Daytrip to North Seymour Island, Galapagos

On a land based excursion to the Galapagos, taking day trips is the best bet to see unique wildlife on uninhabited islands. Each island offers a variety of different places and activities to choose from. Day trips from Santa Cruz tend to be more expensive than the other islands, so we decided to just choose one. North Seymour Island is a premiere destination for bird lovers, it was a highlight of the entire trip to the archipelago. Prices vary depending on which tour company you go to, but they can also reflect in the quality of your trip. Our tour was quoted at $180, but we bargained down to $160 per person. Even though that was a lot of money to us – the operation was the nicest we experienced. The guide was informative, professional, and spoke excellent English, the boat was spacious and immaculate, the lunch was incredible, and the crew very friendly. I wouldn’t change a thing. The day begins in Puerto Ayaro where you take a bus up to the canal (you may have crossed it on your journey from the airport) to hop on a speedboat. From there hop on a dingy for a dry landing to climb up on the island. The landscape is gorgeous and in the dry season full of color due to the seasonal endemic shrub.

From here you take a short hike with many stops to photograph the wildlife. Good footwear is needed due to the rough nature of the lava rock on the path. The most exciting element of this island is the extreme close proximity you can to the frigate birds.

I was surprised at how much I learned. In the Galapagos there are two different kinds of frigates, Great and Magnificent. Lucky for us on Seymour the two mate on opposing times of the year so you can always see males with their bright red inflated gular sac, puffed up to show off for the ladies.

Also – a bit of mating action if you’re in the right place at the right time.

And of course, the adorable chicks and juveniles. It can be difficult to tell the difference between them – but our guide did a great job at explaining things.

Magnificent Frigate Birds

+Males have a slight purple tint to the plumage on their back

+Females have a blue ring around their eyes and in flight you can see a partially white chest.

+Juveniles have all white heads

+Their call sounds like a drum

Great Frigate Birds

+Male have a slight green tint to the plumage on their back

+Females have a a red ring around their eyes and in flight you can see a completely white chest

+Juveniles have yellow heads

+Their call sounds like a turkey

The birds are not monogamous and there are three other species of frigate birds around the world. They are commonly seen flying high above the islands of the Galapagos. Most of food they eat is caught by females, stolen from other birds. Another bird to see here is the recognizable blue footed booby.

Its name is derived from Spanish, not English and means ‘doofy’ because of the way it walks. The juveniles have dull colored feet and brown feathers, I got a million in one shot of this one in the middle of number two!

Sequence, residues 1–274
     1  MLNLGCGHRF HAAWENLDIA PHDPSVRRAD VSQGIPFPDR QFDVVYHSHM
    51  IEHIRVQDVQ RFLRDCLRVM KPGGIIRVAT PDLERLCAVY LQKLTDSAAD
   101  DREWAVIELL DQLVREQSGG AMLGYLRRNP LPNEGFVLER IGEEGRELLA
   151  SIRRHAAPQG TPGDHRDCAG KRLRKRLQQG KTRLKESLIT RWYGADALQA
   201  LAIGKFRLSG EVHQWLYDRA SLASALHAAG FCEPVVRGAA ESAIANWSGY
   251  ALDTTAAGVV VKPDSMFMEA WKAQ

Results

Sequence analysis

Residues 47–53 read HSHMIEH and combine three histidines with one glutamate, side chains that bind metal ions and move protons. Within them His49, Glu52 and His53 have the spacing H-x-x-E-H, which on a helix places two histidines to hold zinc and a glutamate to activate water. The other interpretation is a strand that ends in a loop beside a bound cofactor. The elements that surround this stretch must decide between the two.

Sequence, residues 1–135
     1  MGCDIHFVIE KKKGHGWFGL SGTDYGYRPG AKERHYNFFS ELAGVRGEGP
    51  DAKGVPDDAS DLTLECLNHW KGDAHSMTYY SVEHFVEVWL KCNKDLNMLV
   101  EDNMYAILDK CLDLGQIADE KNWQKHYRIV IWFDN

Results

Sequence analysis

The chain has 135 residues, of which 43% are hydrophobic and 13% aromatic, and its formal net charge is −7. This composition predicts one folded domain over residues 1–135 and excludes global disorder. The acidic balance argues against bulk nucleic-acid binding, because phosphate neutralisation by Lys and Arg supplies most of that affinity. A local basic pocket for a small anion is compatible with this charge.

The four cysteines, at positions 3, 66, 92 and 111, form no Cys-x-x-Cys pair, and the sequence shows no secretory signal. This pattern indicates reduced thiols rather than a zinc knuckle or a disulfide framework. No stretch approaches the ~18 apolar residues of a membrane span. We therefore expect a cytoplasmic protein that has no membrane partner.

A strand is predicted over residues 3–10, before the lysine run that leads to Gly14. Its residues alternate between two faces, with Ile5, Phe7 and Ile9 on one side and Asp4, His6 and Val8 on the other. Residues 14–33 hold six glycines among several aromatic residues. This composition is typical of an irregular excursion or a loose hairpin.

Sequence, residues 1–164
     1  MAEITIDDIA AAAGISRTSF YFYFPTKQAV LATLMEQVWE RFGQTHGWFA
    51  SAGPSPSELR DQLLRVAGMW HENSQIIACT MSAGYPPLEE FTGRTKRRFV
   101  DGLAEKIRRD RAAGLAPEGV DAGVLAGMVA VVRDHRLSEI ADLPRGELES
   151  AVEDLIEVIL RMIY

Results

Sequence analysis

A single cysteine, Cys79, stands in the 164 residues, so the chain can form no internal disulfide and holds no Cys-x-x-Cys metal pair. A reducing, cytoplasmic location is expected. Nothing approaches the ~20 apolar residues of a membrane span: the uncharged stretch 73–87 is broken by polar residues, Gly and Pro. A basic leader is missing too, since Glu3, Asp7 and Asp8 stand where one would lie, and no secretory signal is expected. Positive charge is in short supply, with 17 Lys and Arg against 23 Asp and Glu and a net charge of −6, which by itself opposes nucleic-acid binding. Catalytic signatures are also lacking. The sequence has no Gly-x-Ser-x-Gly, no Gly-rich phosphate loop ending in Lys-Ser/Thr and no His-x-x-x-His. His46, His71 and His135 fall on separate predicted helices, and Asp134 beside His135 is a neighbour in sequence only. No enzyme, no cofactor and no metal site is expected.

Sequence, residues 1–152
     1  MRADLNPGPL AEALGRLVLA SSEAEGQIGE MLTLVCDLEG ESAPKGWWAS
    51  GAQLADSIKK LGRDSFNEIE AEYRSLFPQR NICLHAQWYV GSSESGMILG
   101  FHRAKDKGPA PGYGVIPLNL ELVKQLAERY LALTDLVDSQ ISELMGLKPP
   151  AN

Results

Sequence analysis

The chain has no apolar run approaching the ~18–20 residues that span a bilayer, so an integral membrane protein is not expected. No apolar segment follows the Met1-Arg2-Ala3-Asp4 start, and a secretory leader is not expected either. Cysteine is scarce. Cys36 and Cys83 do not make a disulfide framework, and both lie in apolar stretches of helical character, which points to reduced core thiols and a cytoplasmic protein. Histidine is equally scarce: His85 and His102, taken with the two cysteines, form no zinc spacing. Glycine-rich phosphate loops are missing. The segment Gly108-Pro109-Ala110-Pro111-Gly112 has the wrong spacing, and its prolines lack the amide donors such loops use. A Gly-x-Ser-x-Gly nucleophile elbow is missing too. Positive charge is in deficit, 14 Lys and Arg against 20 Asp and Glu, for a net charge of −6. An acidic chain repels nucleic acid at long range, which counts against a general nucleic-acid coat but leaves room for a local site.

I think it was embarrassed. Marine iguanas were plentiful in my ventures around the islands, but this was the only place I found a land iguana. The males are bright and colorful.

Females are a bit more subdued.

They like to eat the cactus and in defense the opuntias will grow more spines and create a trunk so it cannot be climbed. On this island the cacti are smaller and suitable for eating by the land iguanas who were brought over by scientists to repopulate the island after the species was decimated.

Sea lions can be seen sometimes, they blend in quite well with the lava rocks.

A playful pup was interested in our group.

One unique postcard moment is when a whole in a lava rock lines up perfectly with an island formation in the distance.

Sally lightfoot crabs completely covered a particular lava rock.

Our guide taught us that the dark ones are the youngest, rarely seen because they blend in with lava rocks. Older are the bright red ones.

Completely mature are the orange – which are exquisite.

Back on the boat after the phenomenal hike, we sped off to hit a secluded beach. During the ride the crew was amazing at transforming the boat into a dining room. The lunch was truly gourmet, delicious tuna in a coconut sauce, the best cabbage salad I have ever encountered, an exceedingly fresh potato salad, and a portion of rice.

Seconds were offered for everything, and the fruit juice was flowing. From there we took a dingy and made a wet landing at the beach, no one else present but our group.

First priority was to survey the land, we walked over and found a path to a lagoon. There were three flamingos feeding and a white cheeked pintail.

Next was snorkeling and swimming – amazing with blue footed boobies and pelicans dive for fish right in front of us.

We also spotted sea turtles and plenty of crabs. Time practically flew by as we rested on the sand for a little while, before heading back to the boat to finish of the journey. The front of the boat was great for tanning and at the end of the trip we were supplied with fresh fruit and snacks. Once in a life time wildlife sightings, a premiere beach experience, and a flawless crew made this one of the most memorable days we had in the Galapagos.

This entry was posted in Santa Cruz. Bookmark the permalink.

Leave a Reply